Tuesday, July 12, 2011

scandals and sleaze and the best summer ever

In a year that's seen a veritable conga line of NCAA enforcement scandals, at schools previously believed to float innocently above the fray, I've managed to keep my soapbox shut well away in the closet.  It's not like I'm breaking the next big story, and you don't need any more harrumphing about what scurrilous bastards the rest of the world is.

But what the hell, I'm no better than anyone else.  Prepare to be harrumphed at.  With a twist.

The other day I read a column in my local paper here in Detroit, the gist of which was entirely predictable: "what a huge black eye for college football this offseason has been, we need to get to the games in the fall before anything else bad happens."  The media seems to think this way.

The truth, I think, is 100%, 180 degrees the opposite: this has been the best offseason college football has ever had.  Yes, there's the old marketer's saw that there's no such thing as bad publicity.  And no, my Michigan fandom + Ohio State's liberties with the rule book is not the equation that adds up to the Best Ever conclusion.  (It helps a little, though.)  That ain't it, though.

You would naturally think this is the worst offseason ever and a "growing image problem for the sport" if you were surprised by any of the numerous allegations.  But to be surprised by any of the allegations you'd have to have begun hibernating around 1970.  The list of alleged or suspected NCAA infractions against the various programs under the spotlight - and these are just the football ones and just the ones the NCAA has investigated or begun investigating - is more or less as follows:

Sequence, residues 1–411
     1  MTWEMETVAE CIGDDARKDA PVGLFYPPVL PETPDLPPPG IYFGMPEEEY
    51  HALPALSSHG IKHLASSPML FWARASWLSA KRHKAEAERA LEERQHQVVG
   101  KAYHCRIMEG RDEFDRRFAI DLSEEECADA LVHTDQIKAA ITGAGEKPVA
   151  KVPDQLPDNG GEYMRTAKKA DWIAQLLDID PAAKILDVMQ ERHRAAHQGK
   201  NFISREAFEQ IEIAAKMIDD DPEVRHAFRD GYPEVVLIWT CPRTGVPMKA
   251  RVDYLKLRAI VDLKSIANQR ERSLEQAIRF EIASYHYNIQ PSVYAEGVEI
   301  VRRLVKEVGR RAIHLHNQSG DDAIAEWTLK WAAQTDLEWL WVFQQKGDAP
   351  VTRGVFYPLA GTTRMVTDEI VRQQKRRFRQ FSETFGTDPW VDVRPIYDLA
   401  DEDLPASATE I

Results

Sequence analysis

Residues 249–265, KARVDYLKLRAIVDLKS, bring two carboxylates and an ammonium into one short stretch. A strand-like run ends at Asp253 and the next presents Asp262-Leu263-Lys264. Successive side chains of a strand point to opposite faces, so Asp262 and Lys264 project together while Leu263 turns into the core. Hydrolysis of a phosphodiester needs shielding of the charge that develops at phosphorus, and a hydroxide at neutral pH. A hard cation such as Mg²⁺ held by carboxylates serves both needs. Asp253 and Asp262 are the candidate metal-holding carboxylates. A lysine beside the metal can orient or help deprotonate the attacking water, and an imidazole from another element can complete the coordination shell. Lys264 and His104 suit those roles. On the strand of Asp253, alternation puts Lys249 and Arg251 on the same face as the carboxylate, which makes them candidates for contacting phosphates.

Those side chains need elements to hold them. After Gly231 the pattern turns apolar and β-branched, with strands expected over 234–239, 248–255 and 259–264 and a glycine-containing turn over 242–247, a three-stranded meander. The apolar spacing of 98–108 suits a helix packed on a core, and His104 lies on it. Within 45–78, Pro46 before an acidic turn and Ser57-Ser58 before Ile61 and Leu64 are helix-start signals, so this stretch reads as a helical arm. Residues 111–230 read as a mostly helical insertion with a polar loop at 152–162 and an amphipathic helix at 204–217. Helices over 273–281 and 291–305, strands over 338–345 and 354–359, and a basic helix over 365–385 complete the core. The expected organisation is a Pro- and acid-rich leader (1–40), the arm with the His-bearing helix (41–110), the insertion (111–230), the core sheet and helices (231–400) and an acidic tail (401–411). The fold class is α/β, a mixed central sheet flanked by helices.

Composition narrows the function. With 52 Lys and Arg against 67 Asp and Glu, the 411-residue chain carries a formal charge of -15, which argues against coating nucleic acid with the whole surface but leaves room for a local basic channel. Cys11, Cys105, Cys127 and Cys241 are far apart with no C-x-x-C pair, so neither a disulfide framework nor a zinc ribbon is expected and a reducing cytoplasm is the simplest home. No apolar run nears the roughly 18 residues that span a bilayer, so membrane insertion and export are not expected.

- Players getting money from shady program hangers-on
- Players getting benefits from shady tutors
- Players getting money from agents
- Program paying shady "scouts" to steer recruits to their school
- Program paying a player's father to steer recruits to their school
- Coach lying to cover up eligibility issues
- Coach acting as a runner for agents

Does that sound to you like anything you didn't already suspect went on at dozens of schools?  Or haven't already actually seen happen?

Probably the only actual surprise on the list is that a coach would be so brazen as to openly, or nearly so, act as a middleman for an agent and steer players in his direction.  But even that doesn't shock if you find yourself reading up on the history of the coach in question (John Blake, formerly of UNC.)

So being that college football fans aren't surprised at all about this, the fact that it's all coming out somewhat in the open now is great news, not bad.  This is the stuff that's been going on for ten, fifteen, thirty years, and outside of a couple instances here and there, it goes almost completely unpunished.  College football already has its image problem.  Seeing a whole bunch of schools get whacked for their transgressions isn't what's causing it.  Instead it's a welcome development.  This isn't the summer that fans were dreading (except for those of the programs under scrutiny), it's the one that fans couldn't wait to see and probably don't want to end if it means more NOAs.  And college football badly needed it.

(Besides, it's hella good theater.  What would you rather watch: 56-3 curbstompings of Akron on opening weekend, or the squirming of lying administrators?)

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